• Dragon Swamp: This wuxia film has the heroine who seeks her birth mother, having being told she was an orphan as a child, until she realized her mother was exiled to the titular swamp 17 years ago.
  • The entire premise of Joe Dirt, minus the part where he was adopted. Result: his blood relatives are jackasses, but the friends he's collected along his search become a loving family for him.
  • Secrets & Lies is all about Hortense looking for her birth mother, though she knew she was adopted all along. The death of her adoptive mother triggers the search.
  • The driving plot of the movie Twins (1988) has the main character leaving his island to search for his family, finding a brother, maybe a father, and finally a mother in the process.
  • X-Men: Apocalypse: Quicksilver seeks out his estranged father Magneto, but Peter Maximoff chooses not to disclose to Erik Lehnsherr that they're related.
  • SHAZAM! (2019): Billy refuses to adapt to foster care since he still holds hope he will find his mother who lost him at a fair. She actually willingly dumped her child with the police, since she couldn't bring herself to care for him anymore. A heartbroken Billy respects her decision and returns to his foster siblings, proclaiming them his true family.
  • In Father Figures, twin brothers find out that their mother lied about their father's identity, so they set out on "Operation Who's Your Daddy" to find him. Not an easy task, since their mother really got around back in the day.
  • Tales of an Ancient Empire: Tanis was raised a princess, believing her father was the king. She learned that her father was really a mercenary whom her mother had an affair with however, and set out to find him.
  • Bixler High Private Eye: Xander Dewitt was raised by his mother and upon moving in with his grandfather, begins a journey to find out what happened to his father.
  • By Hook or By Crook: Val, who was adopted by parents who put him in a mental institution for being Transgender, is trying to find his birth mother. His main strategy, at the start, is going to pay phones and dialing everyone with his birth mother's last name in the phone book.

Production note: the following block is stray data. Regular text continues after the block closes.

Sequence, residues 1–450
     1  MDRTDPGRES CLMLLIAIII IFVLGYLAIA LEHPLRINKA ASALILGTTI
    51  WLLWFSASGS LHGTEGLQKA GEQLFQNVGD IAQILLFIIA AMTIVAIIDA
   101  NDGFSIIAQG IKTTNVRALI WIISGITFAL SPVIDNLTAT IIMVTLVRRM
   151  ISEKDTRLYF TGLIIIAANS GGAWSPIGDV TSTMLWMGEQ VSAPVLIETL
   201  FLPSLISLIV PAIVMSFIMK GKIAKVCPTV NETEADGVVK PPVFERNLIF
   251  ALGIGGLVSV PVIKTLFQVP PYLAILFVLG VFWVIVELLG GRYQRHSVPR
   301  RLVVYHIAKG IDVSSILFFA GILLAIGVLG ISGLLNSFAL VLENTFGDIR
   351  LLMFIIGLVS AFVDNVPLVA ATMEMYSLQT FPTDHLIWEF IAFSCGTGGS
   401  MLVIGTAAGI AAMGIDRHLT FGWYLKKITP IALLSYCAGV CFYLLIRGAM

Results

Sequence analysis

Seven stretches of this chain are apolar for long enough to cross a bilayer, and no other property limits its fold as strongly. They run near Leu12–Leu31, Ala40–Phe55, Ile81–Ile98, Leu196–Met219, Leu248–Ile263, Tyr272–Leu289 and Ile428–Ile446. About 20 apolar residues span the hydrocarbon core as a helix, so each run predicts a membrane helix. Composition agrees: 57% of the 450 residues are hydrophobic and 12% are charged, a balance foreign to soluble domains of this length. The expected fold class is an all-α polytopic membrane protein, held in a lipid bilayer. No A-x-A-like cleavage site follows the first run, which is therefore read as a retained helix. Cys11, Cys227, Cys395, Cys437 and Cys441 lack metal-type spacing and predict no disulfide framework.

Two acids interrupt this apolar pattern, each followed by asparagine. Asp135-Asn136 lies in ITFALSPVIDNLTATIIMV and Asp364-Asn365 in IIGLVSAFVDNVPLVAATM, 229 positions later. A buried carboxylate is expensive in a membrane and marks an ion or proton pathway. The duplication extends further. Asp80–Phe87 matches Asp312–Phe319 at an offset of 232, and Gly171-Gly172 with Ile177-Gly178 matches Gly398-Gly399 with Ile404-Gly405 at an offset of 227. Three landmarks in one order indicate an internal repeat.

• In God Told Me To, Pete goes to the Catholic orphanage where he lived as an infant so he can find his birth mother's name.
  • Made in America: The plot is sparked by Zora discovering that her mother's late husband wasn't actually her father, and then looking for him. She finds out that he's a sperm donor who her mother used, then goes to meet the guy.
  • Solarbabies: Darstar tries to track down the village he was taken away from when he was two months old to reunite with his people.
  • In Down in the Delta, Earl tells Loretta the story of Sinclair ancestor Jesse, who was born into slavery, and whose father was auctioned off when he was six years old. After the Civil War, he tried to track down his father, but failed to find so much as a clue. Eventually he gave up, started a new family, and dedicated himself to keeping that one together.

  • Taran's search for his father in Taran Wanderer, the penultimate book of The Chronicles of Prydain by Lloyd Alexander. He never finds out, and realizes that it's not that important anyway.
  • Inverted in Fingersmith: Mrs. Sucksby tries to exchange her adoptive daughter for her biological daughter who's been raised by a rich family (she thinks the girl will love her just by virtue of being her biological daughter — she's wrong).
  • The young adult novel The Girl on the Milk Carton is about a teen girl that sees a picture of a missing girl on her milk carton and realizes it's her. She spends the rest of the book wrestling with the knowledge that her parents aren't her true parents, that she might have even been kidnapped by them, and that she has another set of parents that are looking for her desperately.
  • Lyra Belacqua in His Dark Materials was always told that her parents were the Count and Countess Belacqua, who had died in an airship accident; she later discovers that they were actually her aunt and uncle, and her real parents are (this is despoilered halfway through the first book) Lord Asriel and Marisa Coulter. Lyra reacts both ways to the news: while her mother's identity comes as a nasty shock, she couldn't be happier to learn of her father and delights in hearing how he murdered her mother's legal spouse when Lyra was a newborn in order to protect her when the husband decided to try and off the baby.